1st Edition

Extracting Home in the Oil Sands Settler Colonialism and Environmental Change in Subarctic Canada

Edited By Clinton Westman, Tara Joly, Lena Gross Copyright 2020
    226 Pages 6 B/W Illustrations
    by Routledge

    226 Pages 6 B/W Illustrations
    by Routledge

    The Canadian oil sands are one of the world’s most important energy sources and the subject of global attention in relation to climate change and pollution. This volume engages ethnographically with key issues concerning the oil sands by working from anthropological literature and beyond to explore how people struggle to make and hold on to diverse senses of home in the region. The contributors draw on diverse fieldwork experiences with communities in Alberta that are affected by the oil sands industry. Through a series of case studies, they illuminate the complexities inherent in the entanglements of race, class, Indigeneity, gender, and ontological concerns in a regional context characterized by extreme extraction. The chapters are unified in a common concern for ethnographically theorizing settler colonialism, sentient landscapes, and multispecies relations within a critical political ecology framework and by the prominent role that extractive industries play in shaping new relations between Indigenous Peoples, the state, newcomers, corporations, plants, animals, and the land.

    List of Illustrations


    Zoe Todd


    List of Contributors

    Introduction: At Home in the Oil Sands

    Clinton N. Westman, Tara L. Joly, and Lena Gross

    Chapter 1

    Uncertain Sovereignty: Treaty 8, Bitumen, and Land Claims in the Athabasca Oil Sands Region

    Hereward Longley

    Chapter 2

    Living and Dying through Oil’s Promise: The Invisibility of Contamination and Power in Alberta’s Peace River Country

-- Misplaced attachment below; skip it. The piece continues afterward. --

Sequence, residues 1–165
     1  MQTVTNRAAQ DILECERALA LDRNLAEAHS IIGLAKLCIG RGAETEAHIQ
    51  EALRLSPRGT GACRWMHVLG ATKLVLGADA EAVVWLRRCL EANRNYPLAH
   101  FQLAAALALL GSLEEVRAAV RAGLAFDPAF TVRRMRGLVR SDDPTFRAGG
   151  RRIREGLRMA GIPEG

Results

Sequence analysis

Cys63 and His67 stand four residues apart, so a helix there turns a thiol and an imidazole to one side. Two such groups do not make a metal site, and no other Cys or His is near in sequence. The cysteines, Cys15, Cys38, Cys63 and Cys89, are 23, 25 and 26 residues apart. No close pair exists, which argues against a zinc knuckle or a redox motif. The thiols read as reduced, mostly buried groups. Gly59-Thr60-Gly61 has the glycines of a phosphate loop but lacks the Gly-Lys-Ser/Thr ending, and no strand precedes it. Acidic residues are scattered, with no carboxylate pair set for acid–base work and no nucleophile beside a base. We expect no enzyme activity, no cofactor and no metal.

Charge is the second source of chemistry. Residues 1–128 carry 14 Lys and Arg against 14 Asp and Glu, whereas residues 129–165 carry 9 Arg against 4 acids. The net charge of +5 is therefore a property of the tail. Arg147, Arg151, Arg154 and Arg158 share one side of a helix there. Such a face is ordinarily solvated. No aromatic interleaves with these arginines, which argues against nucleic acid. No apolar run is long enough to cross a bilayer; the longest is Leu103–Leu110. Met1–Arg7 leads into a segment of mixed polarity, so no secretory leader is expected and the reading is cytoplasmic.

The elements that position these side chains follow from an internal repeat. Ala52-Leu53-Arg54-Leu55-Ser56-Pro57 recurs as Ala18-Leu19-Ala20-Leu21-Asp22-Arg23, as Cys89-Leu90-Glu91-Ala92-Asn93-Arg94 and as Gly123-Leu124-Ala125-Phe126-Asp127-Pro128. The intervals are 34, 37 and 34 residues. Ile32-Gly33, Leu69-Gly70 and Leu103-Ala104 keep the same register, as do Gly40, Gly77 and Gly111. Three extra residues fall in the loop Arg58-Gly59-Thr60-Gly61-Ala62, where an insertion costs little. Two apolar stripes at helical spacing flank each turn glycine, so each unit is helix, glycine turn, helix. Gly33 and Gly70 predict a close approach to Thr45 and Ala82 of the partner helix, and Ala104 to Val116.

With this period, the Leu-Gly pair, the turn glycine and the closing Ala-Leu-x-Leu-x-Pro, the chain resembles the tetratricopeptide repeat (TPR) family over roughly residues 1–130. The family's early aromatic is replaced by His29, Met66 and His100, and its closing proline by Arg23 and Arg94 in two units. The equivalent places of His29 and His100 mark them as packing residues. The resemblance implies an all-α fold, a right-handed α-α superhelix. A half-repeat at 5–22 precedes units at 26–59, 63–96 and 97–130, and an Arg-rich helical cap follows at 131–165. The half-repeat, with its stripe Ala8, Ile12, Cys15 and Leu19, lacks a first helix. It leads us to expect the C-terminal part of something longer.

Tristan Lee-Jones

    Chapter 3

    Northern Respectability: Whiteness and Improvement in Fort McMurray

    Sam Spady

    Chapter 4

    Wastelanding the Bodies, Wastelanding the Land: Accidents as Evidence in the Albertan Oil Sands

    Lena Gross

    Chapter 5

    Wildfire Politics: The Role of a Natural Disaster in Indigenous–State Relations

    Tarje I. Wanvik

    Chapter 6

    Bear Stories in the Berry Patch: Caring for Boreal Forest Fire Cycles of Respect

    Janelle Marie Baker

    Chapter 7

    Urban Buffalo: Métis–Bison Relations and Oil Sands Extraction in Northeastern Alberta

    Tara L. Joly

    Chapter 8

    Reclaiming Nature? Watery Transformations and Mitigation Landscapes in the Oil Sands Region

    Katherine Wheatley and Clinton N. Westman

    Conclusion: Studying the Social and Cultural Impacts of "Extreme Extraction" in Northern Alberta

    Patricia A. McCormack



    Clinton N. Westman is an environmental anthropologist and Associate Professor in the Department of Archaeology and Anthropology at the University of Saskatchewan, Canada.

    Tara L. Joly is Research Director at Willow Springs Strategic Solutions, Inc. in Cochrane, Alberta, Canada. She recently received her PhD in social anthropology from the University of Aberdeen, UK.

    Lena Gross recently completed her PhD in social anthropology at the University of Oslo, Norway.